Preliminary discovery suggests new avenues for treatment, researcher says
By Robert Preidt
WEDNESDAY, Dec. 14, 2016 (HealthDay News) -- Scientists say they have identified a gene network in the brain that's associated with epilepsy.
Although the research is in the early stages, the investigators hope their discovery can revive interest in finding new epilepsy treatments.
"Identifying groups of genes that work together, and then targeting these networks of genes, may lead to more effective treatments," said study senior author Michael Johnson. He's a professor of medicine at Imperial College London in England.
"Our proof-of-concept study suggests this network biology approach could help us identify new medications for epilepsy, and the methods can also be applied to other diseases," Johnson said in a college news release.
The newly discovered "epilepsy network" includes 320 genes believed to be involved in how brain cells communicate with one another. When the network malfunctions, it triggers epilepsy, the scientists said.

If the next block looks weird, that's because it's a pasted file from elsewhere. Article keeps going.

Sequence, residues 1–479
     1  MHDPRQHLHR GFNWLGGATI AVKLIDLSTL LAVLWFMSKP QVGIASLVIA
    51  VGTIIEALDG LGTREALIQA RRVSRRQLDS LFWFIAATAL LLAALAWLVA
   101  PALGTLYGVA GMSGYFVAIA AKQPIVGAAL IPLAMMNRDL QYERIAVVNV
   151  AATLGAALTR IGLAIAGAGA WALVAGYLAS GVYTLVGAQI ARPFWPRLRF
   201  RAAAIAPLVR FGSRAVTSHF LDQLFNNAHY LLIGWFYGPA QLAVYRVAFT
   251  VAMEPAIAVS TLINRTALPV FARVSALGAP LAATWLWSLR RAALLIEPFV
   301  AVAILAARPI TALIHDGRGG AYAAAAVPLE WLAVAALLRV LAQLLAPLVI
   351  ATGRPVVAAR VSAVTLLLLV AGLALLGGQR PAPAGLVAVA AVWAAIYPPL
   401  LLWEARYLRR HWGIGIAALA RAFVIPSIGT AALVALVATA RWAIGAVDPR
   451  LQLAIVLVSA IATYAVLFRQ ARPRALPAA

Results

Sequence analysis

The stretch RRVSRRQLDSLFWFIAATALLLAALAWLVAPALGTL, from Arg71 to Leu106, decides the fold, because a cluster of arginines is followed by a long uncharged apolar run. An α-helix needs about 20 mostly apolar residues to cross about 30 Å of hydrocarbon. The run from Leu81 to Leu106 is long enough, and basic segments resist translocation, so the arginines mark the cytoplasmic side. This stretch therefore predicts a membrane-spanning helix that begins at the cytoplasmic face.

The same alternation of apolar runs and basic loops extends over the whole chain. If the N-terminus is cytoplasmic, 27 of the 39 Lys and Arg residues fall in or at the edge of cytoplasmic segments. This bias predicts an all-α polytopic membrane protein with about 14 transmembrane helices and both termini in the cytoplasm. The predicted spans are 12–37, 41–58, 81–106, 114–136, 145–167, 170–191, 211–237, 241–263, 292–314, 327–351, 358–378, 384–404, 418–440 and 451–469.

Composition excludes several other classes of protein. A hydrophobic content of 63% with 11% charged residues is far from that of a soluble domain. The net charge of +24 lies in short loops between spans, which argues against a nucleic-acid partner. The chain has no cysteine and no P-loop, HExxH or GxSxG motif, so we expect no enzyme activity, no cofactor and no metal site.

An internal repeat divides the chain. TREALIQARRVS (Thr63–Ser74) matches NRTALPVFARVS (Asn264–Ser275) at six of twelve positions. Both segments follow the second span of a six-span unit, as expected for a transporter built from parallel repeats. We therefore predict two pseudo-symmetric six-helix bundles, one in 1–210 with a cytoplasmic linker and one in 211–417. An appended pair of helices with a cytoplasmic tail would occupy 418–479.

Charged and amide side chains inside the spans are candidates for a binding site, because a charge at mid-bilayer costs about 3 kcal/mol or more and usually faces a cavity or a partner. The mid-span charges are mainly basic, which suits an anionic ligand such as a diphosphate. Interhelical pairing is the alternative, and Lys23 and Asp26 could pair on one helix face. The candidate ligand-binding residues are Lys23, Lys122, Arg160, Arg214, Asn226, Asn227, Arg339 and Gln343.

Epilepsy is one of the most common serious neurological disorders worldwide, affecting more than 50 million people, Johnson and his colleagues noted. People with the condition suffer seizures of varying severity.
"Despite almost 30 different drugs licensed for the condition, a third of people with epilepsy continue to suffer from uncontrolled epileptic seizures -- despite taking medication," Johnson said.
In the past 100 years, not much progress has been made in finding improved therapies, and many drug companies no longer try to develop new medicines for epilepsy, he added.
Medications that restore normal function in this gene network could provide a new type of treatment, according to Johnson.
"The discovery of this network of genes linked to epilepsy opens avenues for finding new treatments. This uses an approach that is entirely different to the past 100 years of anti-epilepsy drug development," Johnson said.
"Until recently, we have been looking for individual genes associated with diseases, which drug companies then target with treatments," he explained. "However, we are increasingly aware that genes don't work in isolation."
The study was published Dec. 12 in the journal Genome Biology.
The U.S. National Institute of Neurological Disorders and Stroke has more on epilepsy.
SOURCE: Imperial College London, news release, Dec. 12, 2016
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